A WHOLE NEW GAME?
THE MOMENT HE woke up HP knew something was wrong. It took him a few seconds to put his finger on what it was.
It was quiet.
Far too quiet . . .
The bedroom faced out onto Guldgränd and he had long since got used to the constant sound of traffic on the Söderleden expressway a few hundred meters away. He hardly ever thought about it anymore.
But instead of the usual low rumble of traffic interspersed with the occasional siren, the summer night outside was completely silent.
He glanced at the clock radio: 03:58.
Roadwork, he thought. Söderleden, Söder Mälarstrand, and the Slussen junction closed off for yet another round of make-do-and-mend . . . But besides the fact that Bob the Builder would have to be working in stealth mode, it was also slowly dawning on him that there were other noises missing. No one rattling doors as they delivered the morning papers, no drunks shouting down on Hornsgatan. In fact hardly any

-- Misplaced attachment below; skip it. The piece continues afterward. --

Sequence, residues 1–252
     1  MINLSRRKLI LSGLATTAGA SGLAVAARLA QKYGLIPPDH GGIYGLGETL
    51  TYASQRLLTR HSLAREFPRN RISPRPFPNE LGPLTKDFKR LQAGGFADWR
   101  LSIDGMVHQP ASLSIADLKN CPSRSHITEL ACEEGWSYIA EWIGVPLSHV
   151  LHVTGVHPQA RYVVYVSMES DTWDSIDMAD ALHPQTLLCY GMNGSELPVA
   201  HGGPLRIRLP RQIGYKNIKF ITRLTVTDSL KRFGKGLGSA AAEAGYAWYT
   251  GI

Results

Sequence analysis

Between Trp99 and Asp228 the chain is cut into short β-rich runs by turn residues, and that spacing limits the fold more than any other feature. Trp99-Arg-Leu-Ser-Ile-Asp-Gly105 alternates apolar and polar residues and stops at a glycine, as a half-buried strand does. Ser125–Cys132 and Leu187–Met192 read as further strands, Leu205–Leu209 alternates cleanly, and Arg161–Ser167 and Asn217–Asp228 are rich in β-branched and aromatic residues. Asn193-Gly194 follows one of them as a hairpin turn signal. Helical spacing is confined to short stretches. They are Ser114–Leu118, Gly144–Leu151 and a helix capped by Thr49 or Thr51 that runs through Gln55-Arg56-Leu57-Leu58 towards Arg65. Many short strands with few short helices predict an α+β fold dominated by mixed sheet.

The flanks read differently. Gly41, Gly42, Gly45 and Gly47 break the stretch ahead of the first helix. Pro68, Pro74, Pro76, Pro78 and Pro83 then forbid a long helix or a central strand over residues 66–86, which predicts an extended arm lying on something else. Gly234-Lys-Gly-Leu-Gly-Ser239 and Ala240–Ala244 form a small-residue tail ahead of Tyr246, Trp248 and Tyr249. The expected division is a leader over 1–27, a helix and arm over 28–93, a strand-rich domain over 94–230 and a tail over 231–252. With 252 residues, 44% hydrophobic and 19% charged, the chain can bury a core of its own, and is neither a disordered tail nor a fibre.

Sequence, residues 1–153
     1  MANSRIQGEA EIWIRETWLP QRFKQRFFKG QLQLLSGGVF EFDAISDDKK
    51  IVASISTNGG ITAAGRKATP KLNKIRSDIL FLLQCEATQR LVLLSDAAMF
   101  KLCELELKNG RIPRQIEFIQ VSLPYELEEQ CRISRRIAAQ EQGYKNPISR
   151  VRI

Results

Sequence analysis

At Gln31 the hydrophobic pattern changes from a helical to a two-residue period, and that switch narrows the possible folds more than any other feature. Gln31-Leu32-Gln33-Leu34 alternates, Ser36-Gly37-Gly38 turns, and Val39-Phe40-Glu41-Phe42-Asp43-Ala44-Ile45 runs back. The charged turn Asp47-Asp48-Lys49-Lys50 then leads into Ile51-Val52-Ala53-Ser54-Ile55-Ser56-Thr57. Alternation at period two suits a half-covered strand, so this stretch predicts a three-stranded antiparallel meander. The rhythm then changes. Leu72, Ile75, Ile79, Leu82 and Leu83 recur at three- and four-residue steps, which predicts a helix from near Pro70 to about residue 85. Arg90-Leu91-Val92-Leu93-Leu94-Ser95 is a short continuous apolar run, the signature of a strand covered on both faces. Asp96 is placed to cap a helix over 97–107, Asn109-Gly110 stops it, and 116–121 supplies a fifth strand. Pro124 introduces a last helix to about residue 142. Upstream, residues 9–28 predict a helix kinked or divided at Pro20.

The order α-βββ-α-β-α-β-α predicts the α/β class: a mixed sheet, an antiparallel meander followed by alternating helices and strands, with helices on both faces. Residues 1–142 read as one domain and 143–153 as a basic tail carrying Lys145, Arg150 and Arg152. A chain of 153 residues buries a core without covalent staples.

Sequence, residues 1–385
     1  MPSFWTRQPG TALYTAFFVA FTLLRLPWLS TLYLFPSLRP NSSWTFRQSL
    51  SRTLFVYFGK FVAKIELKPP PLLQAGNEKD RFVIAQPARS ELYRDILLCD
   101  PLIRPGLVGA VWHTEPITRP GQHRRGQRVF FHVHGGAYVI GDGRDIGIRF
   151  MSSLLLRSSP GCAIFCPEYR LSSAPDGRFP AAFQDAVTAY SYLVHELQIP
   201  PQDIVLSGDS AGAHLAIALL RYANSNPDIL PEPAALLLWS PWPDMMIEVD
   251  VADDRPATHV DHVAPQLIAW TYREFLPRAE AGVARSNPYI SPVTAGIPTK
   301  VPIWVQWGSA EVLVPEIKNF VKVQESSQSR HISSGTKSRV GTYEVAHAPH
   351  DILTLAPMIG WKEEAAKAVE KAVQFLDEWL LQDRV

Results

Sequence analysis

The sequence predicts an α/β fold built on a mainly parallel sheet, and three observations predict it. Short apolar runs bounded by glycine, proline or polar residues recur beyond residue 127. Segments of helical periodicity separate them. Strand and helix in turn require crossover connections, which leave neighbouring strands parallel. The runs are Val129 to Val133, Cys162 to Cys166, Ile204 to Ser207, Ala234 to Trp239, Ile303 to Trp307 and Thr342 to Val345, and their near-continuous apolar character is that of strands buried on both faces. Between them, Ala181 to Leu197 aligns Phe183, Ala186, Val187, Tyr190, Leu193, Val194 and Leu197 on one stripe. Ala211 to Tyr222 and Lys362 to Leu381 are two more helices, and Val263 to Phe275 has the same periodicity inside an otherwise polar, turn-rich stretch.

sound at all to indicate that there was actually a vibrant capital city out there. As if his bedroom had been enclosed in a huge bubble, shutting the rest of the world out. Forcing him to live in his own little universe where the usual rules no longer applied.
Which, in some ways, was actually true . . .
He noticed that his heart was starting to beat faster. A quiet rustling sound from somewhere inside the flat made him jump.
No, impossible. He’d locked the high-security door, all three locks, just like he always did. The door had cost a fortune, but it was worth every single damn penny. Steel frame, double cylinder hook-bolt locks, you name it—so, logically, no one could have broken into the flat. But the umbrella of paranoia wasn’t about to let itself be taken down so easily . . .